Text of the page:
Original German WWII Luftwaffe Downed Arado Ar 234B-2 Plane Souvenir Display Grouping - Battle of Remagen

Item Description

Original Items: One-of-a-kind set. The Battle of Remagen during the Allied invasion of Germany resulted in the unexpected capture of the Ludendorff Bridge over the Rhine. After capturing the Siegfried Line, the 9th Armored Division of the U.S. First Army had advanced unexpectedly quickly towards the Rhine. They were very surprised to see one of the last bridges across the Rhine still standing. The Germans had wired the bridge with about 2,800 kilograms (6,200 lb) of demolition charges. When they tried to blow it up, only a portion of the explosives detonated. U.S. forces captured the bridge and rapidly expanded their first bridgehead across the Rhine, two weeks before Field Marshal Bernard Montgomery's meticulously planned Operation Plunder. The GIs' actions prevented the Germans from regrouping east of the Rhine and consolidating their positions.

The battle for control of the Ludendorff Bridge caused both the American and German forces to employ new weapons and tactics in combat for the first time. Over the next 10 days, after its capture on 7 March 1945 and until its failure on 17 March, the Germans used virtually every weapon at their disposal to try to destroy the bridge. This included infantry and armor, howitzers, mortars, floating mines, mined boats, a railroad gun, and the giant 600 mm Karl-Gerät super-heavy mortar. They also attacked the bridge using the newly developed Arado Ar 234B-2 turbojet bombers. To protect the bridge against aircraft, the Americans positioned the largest contingent of anti-aircraft weapons during World War II:189 leading to "the greatest antiaircraft artillery battles in American history". The Americans counted 367 different German Luftwaffe aircraft attacking the bridge over the next 10 days. The Americans claimed to have shot down nearly 30% of the aircraft dispatched against them. The German air offensive failed, even with the new bombers.

This very nice display box contains engine fragments from one of the very Arado Ar 234B-2 bombers that attacked the bridge area. Per the information provided, the fragments contained in the case are from the Jumo 004 engine in the Arado Ar 234B-2 piloted by Fw. Schultz of 6./KG76. The plane was returning from an attack on the Ludendorff bridge on March 14, 1945, when it was shot down by a U.S. P-47 Mustang piloted by Lt. Norman D. Gould of 62 FS/56 SG.  Fw. Shultz managed to bail out, but lost an arm, and came down in the vicinity of Waldbröl in the Rhineland.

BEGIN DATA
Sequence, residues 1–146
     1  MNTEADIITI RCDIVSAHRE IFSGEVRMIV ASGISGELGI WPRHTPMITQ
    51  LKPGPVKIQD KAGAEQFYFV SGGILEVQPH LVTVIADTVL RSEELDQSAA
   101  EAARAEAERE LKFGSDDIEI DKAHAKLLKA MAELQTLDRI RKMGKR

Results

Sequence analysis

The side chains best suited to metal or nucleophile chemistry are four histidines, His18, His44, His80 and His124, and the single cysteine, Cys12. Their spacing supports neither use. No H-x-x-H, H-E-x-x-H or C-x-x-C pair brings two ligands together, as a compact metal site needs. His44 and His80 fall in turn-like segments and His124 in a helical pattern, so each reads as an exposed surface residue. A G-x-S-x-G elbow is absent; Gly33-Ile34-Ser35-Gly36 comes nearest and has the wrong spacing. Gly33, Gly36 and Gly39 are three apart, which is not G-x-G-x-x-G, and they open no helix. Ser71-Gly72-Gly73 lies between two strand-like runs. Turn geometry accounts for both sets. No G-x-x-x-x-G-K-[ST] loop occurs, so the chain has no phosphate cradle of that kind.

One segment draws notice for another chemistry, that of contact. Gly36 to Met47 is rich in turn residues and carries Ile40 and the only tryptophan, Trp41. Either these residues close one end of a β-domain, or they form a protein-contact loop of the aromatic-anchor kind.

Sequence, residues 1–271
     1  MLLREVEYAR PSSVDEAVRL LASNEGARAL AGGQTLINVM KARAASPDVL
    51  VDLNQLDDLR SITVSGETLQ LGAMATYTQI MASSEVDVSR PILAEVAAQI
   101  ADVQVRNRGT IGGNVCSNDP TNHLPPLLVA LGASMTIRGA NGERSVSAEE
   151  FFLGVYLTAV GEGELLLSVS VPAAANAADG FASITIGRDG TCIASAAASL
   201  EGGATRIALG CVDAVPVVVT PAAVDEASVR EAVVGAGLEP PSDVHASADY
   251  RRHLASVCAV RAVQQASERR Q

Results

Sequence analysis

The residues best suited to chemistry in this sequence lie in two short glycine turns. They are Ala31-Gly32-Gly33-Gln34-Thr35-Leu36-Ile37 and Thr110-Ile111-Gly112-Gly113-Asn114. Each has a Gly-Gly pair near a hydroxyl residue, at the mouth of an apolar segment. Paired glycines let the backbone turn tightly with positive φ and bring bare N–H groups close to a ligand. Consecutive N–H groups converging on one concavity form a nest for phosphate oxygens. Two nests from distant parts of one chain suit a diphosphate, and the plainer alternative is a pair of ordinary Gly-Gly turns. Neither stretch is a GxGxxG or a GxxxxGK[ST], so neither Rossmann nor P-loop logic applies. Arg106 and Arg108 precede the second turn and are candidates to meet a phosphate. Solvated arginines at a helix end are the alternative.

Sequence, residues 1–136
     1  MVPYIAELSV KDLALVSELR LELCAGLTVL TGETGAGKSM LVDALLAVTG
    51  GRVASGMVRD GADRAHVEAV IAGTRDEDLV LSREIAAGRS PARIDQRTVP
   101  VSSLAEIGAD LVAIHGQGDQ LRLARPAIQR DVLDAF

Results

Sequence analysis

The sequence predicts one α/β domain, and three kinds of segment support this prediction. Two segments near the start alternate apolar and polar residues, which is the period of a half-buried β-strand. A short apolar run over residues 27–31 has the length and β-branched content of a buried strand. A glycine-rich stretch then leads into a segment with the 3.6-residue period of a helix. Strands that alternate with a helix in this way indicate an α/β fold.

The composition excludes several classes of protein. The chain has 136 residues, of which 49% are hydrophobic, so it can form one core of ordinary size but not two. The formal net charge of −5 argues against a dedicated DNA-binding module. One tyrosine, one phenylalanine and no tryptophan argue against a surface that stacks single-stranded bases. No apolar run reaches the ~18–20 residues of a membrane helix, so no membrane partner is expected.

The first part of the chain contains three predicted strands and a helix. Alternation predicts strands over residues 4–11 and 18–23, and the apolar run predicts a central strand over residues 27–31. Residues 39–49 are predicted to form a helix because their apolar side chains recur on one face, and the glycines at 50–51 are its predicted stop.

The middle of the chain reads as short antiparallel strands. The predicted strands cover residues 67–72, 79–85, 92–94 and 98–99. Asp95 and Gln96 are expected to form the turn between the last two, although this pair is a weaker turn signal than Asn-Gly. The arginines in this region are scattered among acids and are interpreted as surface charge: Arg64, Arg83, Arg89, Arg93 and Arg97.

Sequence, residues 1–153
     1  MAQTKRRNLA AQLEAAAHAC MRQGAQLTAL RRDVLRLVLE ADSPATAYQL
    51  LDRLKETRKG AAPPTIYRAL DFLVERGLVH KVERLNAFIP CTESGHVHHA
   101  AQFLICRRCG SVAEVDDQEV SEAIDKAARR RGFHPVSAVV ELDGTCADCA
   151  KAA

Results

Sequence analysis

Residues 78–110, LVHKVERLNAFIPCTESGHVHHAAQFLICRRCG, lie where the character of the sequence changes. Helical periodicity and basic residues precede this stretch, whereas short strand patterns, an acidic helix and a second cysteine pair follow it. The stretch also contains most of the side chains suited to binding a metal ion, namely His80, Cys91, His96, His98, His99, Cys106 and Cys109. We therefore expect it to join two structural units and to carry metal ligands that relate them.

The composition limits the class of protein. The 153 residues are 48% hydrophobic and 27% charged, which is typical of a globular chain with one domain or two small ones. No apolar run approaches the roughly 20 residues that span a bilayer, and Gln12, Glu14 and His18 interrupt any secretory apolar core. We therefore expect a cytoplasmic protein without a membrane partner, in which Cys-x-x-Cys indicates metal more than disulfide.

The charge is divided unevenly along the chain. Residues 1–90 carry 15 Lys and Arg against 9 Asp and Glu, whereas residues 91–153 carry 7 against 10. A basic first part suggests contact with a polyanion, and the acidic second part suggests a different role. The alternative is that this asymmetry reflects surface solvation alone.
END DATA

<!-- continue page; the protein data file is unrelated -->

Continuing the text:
There is further information regarding the activities around the bridge on that day, as well as illustrations of the aircraft involved. There are 5 fragments inside of the display case, and originally all were glued to the backing, however one piece has worked its way loose. The case, which measures 15 1/2" x 12" x 2 1/2", also has a plastic pocket in the back, which has a very nice short book regarding the Arado 234B, as well as some pictures taken, apparently at the crash site in 2014.

A very nice display case, which would fit well into any WWII European Theater collection. Ready to display!

The Arado Ar 234 Blitz (English: lightning) was the world's first operational jet-powered bomber, built by the German Arado company in the closing stages of World War II. Produced in limited numbers it was used almost entirely in the reconnaissance role. In its few uses as a bomber it proved to be nearly impossible to intercept. It was the last Luftwaffe aircraft to fly over the UK during the war, in April 1945.


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